Monday, June 17, 2013

Focus on Assistance or Accidents?

On the way back from the airport, on the one main road out of Kisumu my car sputtered and stopped.  I was alone, having run out of the house quickly heading to the airport to collect our newly found lost luggage.  The car completely stalled, right in the middle of the road.  But not just any road.  This was a road used by impatient matatus, aggressive long haul truckers, and kamakzi buses, all jockeying to get ahead of each other on a narrow pot-holed road; a road flanked by throngs of people. A chaotic road.  My car stopped and wouldn’t start in a country with no 911, no publicly available ambulances and questionable medical care.  
Not the exact road, but not far off.
 I got out of the car to scratch my head and collect myself. By the looks of it, the situation was pretty dire. Angry drivers shook their fists at me as they yelled things I didn’t care to hear punctuated by “Mzungu” and maneuvered around the car.

My phone was uncharged and tucked into one of the suitcases in the back seat. My jumper cables, used just the day before to shock the car back to life, sat uselessly on my sofa at home. I was by myself.

But strangely, I wasn’t worried. And I didn’t feel alone.  The streets, like I mentioned, are teeming with people.  People who I knew would help me, as they always had before.

It wasn’t long before a motorbike driver took on my cause. He quickly gathered half a dozen men to try and push the car out of the road. No dice, the car was stuck in park. Still, there was a lot of gathering and discussing and problem-solving that was going on all around me and amid this, even with trucks careening towards me. I knew I would be OK. I was oddly calm.

News of my predicament percolated through the crowd. A few people helped to wave oncoming cars away from me. Others opened the hood to try and solve the problem, telling me when to try and ignite the engine.  Several turns of the key and suddenly she kicked back into life.

I won’t say people cheered, it was a petty drama in their day, but we were all relieved together.    

This was a perfect example, I thought, of the wonder and comfort of living in a country where this kind of help is simply assumed; where people sense and act on their interconnectedness.  Where you’re never really alone. And this is all true. 

But this is also true:  

The next morning Rukia greeted me with a solemn look at bad news.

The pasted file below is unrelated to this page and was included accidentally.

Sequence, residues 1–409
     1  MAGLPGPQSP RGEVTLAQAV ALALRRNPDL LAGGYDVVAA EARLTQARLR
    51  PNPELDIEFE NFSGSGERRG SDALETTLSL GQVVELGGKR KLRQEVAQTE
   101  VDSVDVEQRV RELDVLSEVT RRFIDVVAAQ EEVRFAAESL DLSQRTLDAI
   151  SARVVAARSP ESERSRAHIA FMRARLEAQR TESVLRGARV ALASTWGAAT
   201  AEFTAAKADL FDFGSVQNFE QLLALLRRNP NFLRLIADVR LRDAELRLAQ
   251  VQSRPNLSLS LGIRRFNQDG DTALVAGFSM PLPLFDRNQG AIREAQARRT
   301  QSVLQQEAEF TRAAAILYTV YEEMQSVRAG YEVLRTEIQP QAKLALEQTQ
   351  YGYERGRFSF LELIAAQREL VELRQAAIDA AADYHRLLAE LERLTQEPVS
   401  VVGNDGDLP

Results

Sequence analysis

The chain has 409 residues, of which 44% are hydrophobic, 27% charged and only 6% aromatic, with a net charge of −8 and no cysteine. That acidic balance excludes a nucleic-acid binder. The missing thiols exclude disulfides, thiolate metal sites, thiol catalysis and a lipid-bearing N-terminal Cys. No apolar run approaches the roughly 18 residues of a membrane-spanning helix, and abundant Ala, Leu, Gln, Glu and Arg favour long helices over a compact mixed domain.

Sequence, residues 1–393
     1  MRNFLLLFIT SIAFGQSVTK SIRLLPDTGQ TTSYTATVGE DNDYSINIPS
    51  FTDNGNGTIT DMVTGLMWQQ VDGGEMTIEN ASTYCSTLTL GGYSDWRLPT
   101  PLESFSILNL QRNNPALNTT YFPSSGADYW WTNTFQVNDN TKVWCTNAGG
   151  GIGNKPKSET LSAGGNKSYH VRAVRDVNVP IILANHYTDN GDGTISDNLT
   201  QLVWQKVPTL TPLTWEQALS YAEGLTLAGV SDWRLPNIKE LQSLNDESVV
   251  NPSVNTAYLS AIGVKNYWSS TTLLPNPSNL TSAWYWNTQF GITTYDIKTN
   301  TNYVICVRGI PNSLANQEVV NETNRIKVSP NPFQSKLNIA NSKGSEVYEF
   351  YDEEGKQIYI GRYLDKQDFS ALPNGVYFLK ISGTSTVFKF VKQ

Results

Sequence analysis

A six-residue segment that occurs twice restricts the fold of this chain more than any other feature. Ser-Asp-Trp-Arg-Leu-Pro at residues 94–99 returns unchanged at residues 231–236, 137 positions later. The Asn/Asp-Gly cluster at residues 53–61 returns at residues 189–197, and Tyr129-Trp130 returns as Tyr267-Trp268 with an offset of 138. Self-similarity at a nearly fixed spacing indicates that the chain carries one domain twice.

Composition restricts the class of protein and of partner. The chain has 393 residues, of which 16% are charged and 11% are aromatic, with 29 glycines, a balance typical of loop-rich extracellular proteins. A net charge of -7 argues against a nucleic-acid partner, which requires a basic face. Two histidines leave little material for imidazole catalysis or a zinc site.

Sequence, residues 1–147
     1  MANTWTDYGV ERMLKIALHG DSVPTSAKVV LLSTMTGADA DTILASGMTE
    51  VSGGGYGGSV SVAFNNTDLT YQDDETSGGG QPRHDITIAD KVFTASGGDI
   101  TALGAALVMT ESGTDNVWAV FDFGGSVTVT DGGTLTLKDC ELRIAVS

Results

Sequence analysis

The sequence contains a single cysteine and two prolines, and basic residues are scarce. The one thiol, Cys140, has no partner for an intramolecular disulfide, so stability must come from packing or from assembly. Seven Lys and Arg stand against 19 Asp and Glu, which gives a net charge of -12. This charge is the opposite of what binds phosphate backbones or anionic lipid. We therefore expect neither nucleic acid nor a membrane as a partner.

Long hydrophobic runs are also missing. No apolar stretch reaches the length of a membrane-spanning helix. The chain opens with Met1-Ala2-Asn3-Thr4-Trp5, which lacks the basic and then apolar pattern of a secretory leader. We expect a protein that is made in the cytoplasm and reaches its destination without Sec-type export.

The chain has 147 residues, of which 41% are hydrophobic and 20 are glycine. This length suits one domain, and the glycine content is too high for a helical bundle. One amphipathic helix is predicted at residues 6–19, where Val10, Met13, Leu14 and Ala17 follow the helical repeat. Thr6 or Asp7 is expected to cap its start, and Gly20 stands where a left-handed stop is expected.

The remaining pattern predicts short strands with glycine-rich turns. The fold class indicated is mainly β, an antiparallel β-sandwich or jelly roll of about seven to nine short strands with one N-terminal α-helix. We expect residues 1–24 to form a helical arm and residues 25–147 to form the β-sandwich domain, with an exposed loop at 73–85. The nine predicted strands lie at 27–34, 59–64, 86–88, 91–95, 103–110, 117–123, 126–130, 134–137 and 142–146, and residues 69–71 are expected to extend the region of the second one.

“There was a car accident.  All the passengers in the back of the car died.  The driver is at Aga Khan Hospital.”  She said, getting right to the meat of the tragedy. 

I asked her to back up. Who? What? When? 

Her neighbor had been driving the car, she explained. He swerved to get out of the way of an oncoming car, which had veered into his lane to pass a truck.  His swerve landed him in a ditch and the car rolled over. 

I’m not sure if the back seat passengers, also neighbors of hers, died instantly or on the way to the hospital. Again, there is no 911. No ambulances at the ready.  Still, strangers stopped their cars to take the wounded and dead to the best hospital in the nearest city.  

Rukia shook her head.  “The roads are too bad. Do you see this?”  She pointed to a deep scar above her eye that I hadn’t paid much attention to before. “The same thing happened to me years ago. The two in the back died, but me and driver survived.”

Statistically the most dangerous thing we do in this country is drive on the roads. The first year we lived here a boy we knew was killed by a motorbike accident.  11 people died in a matatu our friend missed boarding. There are endless other examples. We try to be careful.   

I’m not entirely sure what to make of all of this. The morning Rukia told me of the accident I was cheerily contemplating the first half of this blog post.  Maybe I’m blind to the risks of living here, too willing to see past them or ascribe positive intentions where they might not exist.   My husband would say I’m too cavalier about a litany of possible risks.  There are real dangers.  Dangers people are trying to escape when they ask in a number of indirect ways how we can get them to America.

Still, I don’t believe I’m entirely na├»ve to the dangers. I could list them off for you.  But the truth is I don’t want to focus on the risks (most of which I’m able to mitigate anyway as an expat from a wealthy country).

A friend of mine just told me this story:  Her therapist asked her to look around the room and count all of the red items.  “How may are there?” he then asked, and she responded confidently.  “Now how many blue?” he asked.  She had no idea. 

The simple point is that you choose what to pay attention to, and that becomes what you know and understand - it becomes your reality. But what you focus on is your choice.  I’m going to continue to focus on the good stuff.  


  1. Are you living there permanently???

    1. No permanently, but we're loving it for now. Are you worried? ; )

  2. Wow, Kim. Sweet and sour. But that's sure a great lesson from the therapist. (And on a far less significant but still materially important plane, your luggage arrived - hooray!)

  3. Yeah. Umhum. All of it: the dangerous roads, the choice of what to look at, the sense of being (somewhat) protected by the expat armor. I'm not sure if I would have a clutch of people coming to my rescue if I were to have car trouble, although now that I think about it, when I've seen cars on the side of the road, there are also some bystanders/helpers nearby. There is more of an infrastructure here in Abu Dhabi, and god knows the driving isn't as terrifying as Delhi or Jaipur, but still. Driving-related death is a regular thing. But then I think that in countries without first-world wealth & healthcare, death is a regular thing, period. No less horrible but much more daily. And that makes how people react to it different, I think....?

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